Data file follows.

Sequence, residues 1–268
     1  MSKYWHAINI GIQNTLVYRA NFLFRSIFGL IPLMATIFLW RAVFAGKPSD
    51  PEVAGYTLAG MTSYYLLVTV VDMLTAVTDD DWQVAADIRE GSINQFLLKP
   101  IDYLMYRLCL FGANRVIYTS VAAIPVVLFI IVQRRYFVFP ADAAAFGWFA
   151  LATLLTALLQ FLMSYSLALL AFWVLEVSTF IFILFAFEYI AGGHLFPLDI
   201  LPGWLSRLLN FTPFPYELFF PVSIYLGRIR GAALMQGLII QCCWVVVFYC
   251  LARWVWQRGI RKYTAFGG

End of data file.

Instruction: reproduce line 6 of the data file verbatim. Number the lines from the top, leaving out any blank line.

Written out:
   201  LPGWLSRLLN FTPFPYELFF PVSIYLGRIR GAALMQGLII QCCWVVVFYC